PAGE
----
“We wouldn’t even know if a drug was covered until we prescribed and the patient wasn’t able to get it,” said Sophy Wong, medical director at HIV Access and East Bay AIDS Education and Training Center in Alameda. “Other times, they wouldn’t realize that the price of the drug had risen to the point where they couldn’t afford it.”Shifting to New Systems
Since 1990, the federal Ryan White HIV/AIDS Program has provided an array of services from primary care to specialized procedures and drugs. The AIDS Drug Assistance Program is a major feature of the program, providing no- or low-cost HIV/AIDS medications to low-income individuals. Under the ACA, more than 50% of Californians who had received services through Ryan White are now eligible for Medi-Cal. So far, the transition from Ryan White to Medi-Cal has not been as smooth as state health officials and HIV advocates hoped it would be.
“When you talk about transition and you talk about the HIV positive population, this is a population you can’t screw around with,” said Aaron Fox, health policy manager at the California LGBT Health and Human Services Network. “Combatting the disease means keeping them on care and keeping them on medication. Any disruption can lead to serious consequences.”
Wong sees gaps in care for her patients on a frequent basis.
“Very few patients have successfully gone on to Covered California because of drug prices,” said Wong. “HIV is a chronic, complex disease, and in order to get the best care, you need the best coverage. Not everyone can afford that.”Delays in State Agency Payments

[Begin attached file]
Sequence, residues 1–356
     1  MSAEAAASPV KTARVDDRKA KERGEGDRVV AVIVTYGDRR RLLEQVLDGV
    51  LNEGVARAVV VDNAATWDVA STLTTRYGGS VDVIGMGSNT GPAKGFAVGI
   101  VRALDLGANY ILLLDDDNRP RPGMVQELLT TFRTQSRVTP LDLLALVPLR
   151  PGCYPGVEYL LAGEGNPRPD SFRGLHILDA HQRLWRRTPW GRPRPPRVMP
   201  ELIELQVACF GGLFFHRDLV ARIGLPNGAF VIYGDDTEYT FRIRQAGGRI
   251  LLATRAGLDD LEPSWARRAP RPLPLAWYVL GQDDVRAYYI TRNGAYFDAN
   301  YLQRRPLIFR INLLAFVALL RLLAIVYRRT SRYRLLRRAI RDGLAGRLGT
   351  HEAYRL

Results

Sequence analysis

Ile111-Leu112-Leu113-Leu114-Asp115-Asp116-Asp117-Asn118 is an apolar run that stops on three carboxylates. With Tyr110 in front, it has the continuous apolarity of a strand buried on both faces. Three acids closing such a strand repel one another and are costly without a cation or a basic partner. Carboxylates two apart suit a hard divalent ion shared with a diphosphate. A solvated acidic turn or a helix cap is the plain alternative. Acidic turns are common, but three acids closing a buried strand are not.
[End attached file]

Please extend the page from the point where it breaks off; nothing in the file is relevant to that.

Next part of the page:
The Department of Public Health’s Office of AIDS is responsible for paying 100% of Covered California premiums for eligible patients with HIV/AIDS through its Health Insurance Premium Payment program. However, the office has experienced delays in processing payments.
The program is available to patients whose annual incomes are $50,000 or lower, making it an option for some Californians who are also eligible for subsidized coverage through Covered California.
DPH, in a written response to questions, said there isn’t one clear reason why payments to certain providers or individuals were halted or slowed, but some contributing reasons could be incomplete or missing applications, consent forms or billing statements.